They are trying to keep people from killing copperheads, or any other snakes, because few of them have actually grown up in the country. That’s why they tout the law that makes it illegal for you to kill a copperhead around your place, or a blacksnake or whatever. It is against the law to float a river and kill a cottonmouth as well. A cottonmouth is a little bit more aggressive than a copperhead, and anyone who ridicules that hasn’t spent enough time on the river. They are very dangerous in the right situation. Much of a snake’s demeanor depends on the temperature, and the time of summer.

A cottonmouth that is in the molting stage is a bad character. We are coming into the time of summer when snakes are the most dangerous, that molting period, and the highest temperatures of the year, followed by the cooling night temperatures of September which causes them to be on the move. If you live in the country, you likely already know that. And remember too that a wasp or yellow jacket becomes much more likely to sting you in August and September than it would in June. Thankfully, the MDC allows us to kill wasps and yellow jackets.

If I see a copperhead around my place anywhere, I intend to kill it. In the 20 years we have lived here on this wooded ridge top miles outside of town, I have killed at least 40. I am not going to allow them to live around my Labradors or my grandkids…. Or me! I have had two come into my basement. I have also killed a few blacksnakes, those climbing trees in the back yard trying to eat eggs or baby birds in the nest.

Now if I had a dairy barn where mice and rats were finding stored feed, I would welcome a blacksnake to keep the numbers of vermin down. It is nothing more than a matter of common sense. Many times when I was working for the Arkansas Natural Heritage Commission, studying and reporting on the states most remote wild areas in the Ozarks, I came across cottonmouths, copperheads and timber rattlesnakes, which I left alone.

I never killed any of them; because it was their land, and they were so far from people I didn’t consider them any great threat. Again, it is a matter of common sense. In a campground on the Buffalo River, when I was a park naturalist there, I killed several poisonous snakes, and captured and moved some others. You couldn’t let copperheads live under benches in the amphitheatre or around washrooms or in a campsite. Common sense.

With the new people coming into outdoor jobs without an outdoor background, you can see why they lack that common sense. They do not know nature as it actually is. That’s why we have a law protecting snakes and no laws protecting red wasps, spiders, moles, field mice, wood rats or groundhogs. What sense does that make?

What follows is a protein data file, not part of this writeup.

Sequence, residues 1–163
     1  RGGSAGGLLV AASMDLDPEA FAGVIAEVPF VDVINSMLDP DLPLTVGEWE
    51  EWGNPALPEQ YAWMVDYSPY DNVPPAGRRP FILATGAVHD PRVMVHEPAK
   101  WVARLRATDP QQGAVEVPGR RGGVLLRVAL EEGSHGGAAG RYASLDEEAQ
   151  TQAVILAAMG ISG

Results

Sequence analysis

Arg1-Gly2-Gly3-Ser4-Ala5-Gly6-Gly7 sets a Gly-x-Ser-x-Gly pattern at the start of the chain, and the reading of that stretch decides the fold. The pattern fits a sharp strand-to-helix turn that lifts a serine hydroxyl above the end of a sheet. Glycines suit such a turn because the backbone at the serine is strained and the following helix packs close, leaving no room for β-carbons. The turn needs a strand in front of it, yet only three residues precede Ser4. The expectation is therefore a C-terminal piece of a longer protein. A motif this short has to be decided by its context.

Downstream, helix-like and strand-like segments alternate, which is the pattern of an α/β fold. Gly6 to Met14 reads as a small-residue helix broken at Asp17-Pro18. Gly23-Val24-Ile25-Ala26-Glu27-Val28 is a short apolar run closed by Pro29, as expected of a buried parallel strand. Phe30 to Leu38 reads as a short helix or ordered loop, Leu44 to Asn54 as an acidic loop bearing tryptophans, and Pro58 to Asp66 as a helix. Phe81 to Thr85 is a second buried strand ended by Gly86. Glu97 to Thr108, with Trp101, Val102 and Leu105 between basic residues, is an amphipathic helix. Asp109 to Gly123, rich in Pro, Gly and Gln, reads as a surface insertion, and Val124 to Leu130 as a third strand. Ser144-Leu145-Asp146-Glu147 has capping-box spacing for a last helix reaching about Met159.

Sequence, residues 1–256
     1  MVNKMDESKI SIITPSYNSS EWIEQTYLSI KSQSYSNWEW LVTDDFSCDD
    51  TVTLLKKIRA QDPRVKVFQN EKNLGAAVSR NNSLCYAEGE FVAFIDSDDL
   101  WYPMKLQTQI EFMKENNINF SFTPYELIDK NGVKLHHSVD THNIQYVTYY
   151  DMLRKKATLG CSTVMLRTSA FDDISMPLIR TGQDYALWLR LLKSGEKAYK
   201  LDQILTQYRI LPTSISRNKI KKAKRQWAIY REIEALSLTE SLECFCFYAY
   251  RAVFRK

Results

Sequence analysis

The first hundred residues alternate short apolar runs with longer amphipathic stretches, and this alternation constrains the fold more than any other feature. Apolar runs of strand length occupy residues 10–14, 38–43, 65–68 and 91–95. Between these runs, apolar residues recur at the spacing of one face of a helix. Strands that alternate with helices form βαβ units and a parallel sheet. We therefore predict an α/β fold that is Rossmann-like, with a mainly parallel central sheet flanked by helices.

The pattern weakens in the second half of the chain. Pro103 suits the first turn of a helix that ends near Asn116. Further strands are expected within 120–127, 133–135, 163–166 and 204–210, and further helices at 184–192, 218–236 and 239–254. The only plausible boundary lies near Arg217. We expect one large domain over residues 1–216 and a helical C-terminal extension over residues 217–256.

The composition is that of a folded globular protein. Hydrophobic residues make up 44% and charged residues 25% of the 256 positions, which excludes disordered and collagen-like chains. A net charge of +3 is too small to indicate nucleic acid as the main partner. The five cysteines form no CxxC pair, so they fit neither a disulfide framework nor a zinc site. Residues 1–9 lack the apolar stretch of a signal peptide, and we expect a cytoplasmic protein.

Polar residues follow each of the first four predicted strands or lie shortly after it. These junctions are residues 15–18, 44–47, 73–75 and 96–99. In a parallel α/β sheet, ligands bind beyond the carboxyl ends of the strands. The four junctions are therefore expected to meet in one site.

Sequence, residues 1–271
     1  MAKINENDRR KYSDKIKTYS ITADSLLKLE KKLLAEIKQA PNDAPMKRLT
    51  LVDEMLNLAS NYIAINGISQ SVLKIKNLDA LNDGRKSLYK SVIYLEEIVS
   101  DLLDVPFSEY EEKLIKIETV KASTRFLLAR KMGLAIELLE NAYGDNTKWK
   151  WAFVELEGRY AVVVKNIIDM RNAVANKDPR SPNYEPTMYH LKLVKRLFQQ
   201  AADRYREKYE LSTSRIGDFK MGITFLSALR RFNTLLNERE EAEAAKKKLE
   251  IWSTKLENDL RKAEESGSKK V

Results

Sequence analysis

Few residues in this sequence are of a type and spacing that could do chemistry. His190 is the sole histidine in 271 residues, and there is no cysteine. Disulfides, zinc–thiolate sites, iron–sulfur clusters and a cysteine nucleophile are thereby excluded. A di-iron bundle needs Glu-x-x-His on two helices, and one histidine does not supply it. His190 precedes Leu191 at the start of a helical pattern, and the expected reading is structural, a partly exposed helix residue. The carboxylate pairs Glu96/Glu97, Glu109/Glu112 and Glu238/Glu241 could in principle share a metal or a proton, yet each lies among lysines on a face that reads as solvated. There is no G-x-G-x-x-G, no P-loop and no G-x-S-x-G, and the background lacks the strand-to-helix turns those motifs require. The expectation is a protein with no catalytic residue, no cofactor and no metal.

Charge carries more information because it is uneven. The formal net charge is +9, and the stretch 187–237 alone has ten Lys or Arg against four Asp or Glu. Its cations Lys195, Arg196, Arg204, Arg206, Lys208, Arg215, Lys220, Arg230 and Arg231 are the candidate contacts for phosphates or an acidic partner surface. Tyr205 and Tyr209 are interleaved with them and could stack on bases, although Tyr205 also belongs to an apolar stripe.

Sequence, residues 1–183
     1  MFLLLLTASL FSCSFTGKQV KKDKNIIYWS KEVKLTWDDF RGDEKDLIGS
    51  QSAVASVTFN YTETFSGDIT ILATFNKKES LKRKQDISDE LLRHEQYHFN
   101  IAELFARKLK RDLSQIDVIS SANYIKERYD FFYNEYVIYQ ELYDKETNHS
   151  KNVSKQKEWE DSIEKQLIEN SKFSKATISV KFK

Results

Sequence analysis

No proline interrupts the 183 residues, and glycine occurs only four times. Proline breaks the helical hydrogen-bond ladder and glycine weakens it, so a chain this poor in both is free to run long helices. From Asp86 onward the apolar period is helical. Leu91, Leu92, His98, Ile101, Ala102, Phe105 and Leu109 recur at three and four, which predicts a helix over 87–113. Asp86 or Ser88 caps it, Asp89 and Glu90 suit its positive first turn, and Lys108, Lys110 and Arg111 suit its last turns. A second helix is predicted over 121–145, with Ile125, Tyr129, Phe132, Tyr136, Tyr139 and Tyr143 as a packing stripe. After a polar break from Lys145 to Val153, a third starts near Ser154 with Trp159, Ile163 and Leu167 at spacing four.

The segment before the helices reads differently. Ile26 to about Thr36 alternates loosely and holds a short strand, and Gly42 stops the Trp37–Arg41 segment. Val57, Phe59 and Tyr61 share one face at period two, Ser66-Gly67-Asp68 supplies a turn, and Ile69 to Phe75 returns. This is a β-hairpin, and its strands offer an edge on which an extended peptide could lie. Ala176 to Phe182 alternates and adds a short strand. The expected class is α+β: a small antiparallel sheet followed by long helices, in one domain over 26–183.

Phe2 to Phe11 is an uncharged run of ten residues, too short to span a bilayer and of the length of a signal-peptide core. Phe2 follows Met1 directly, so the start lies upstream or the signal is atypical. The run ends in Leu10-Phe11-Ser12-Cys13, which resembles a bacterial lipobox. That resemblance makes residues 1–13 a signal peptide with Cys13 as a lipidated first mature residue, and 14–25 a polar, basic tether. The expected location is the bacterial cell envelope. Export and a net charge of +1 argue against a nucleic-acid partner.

I will say that if you want to protect copperheads around your place, as the law requires, you should kill king snakes. The king snake kills and eats copperheads and other snakes as well! A king snake can actually eat a copperhead bigger than he is… I have seen it happen. It might take him all day to do it. Despite the law, I do not think you will ever, ever see anyone prosecuted for killing a copperhead.

We saw a bird last winter that I have never seen in the Ozarks. It was little tiny brown-headed nuthatch that I first thought was a mouse going up the side of a tree. There was no doubt what it was, I saw it clearly, either a pygmy nuthatch or a brown-headed nuthatch, one of the two. Neither are suppose to be in southern Missouri. I just saw it one day and then it was gone.

Now I think I have found something else that isn’t suppose to be in southern Missouri at all, a grey shrew. And this time we have a really good photo. It is the color of ashes, living under one of my storage sheds, a night-dweller which is nearly blind in the light of day. You can see it on my website and decide for yourself. The common shrew found here is the short-tailed shrew, which actually is a little larger than the one I found and my daughter photographed. I have seen many of them over the years but none this light colored or small.

Shrews are vicious little creatures, like a miniature weasel. They are amongst the tiniest of predatory mammals, and they eat anything they can catch and kill. A shrew can tackle a field mouse twice its size, kill it and eat most of it. If shrews grew to the size of a Labrador retriever, none of us would be safe.

As I go through my daily life I make up short poems for the situation. I stopped in a cafĂ© the other morning to have breakfast, and I gave the waitress my order. Then I added in good humor, “If my bacon is all floppy, it won’t make me very hoppy, and if my eggs are soft and runny, you won’t get any money.” She just looked at me as if bored, and walked away with my order. Later when I got ready to leave her a quarter for a tip, I asked her what she thought of my poetry. Without even smiling she answered in prose… “Men look really weird, when they have egg yolk in their beard!”

The website is www.larrydablemontoutdoors.blogspot.com write to me at Box 22, Bolivar, Mo. 65613 or email me at lightninridge@windstream.net.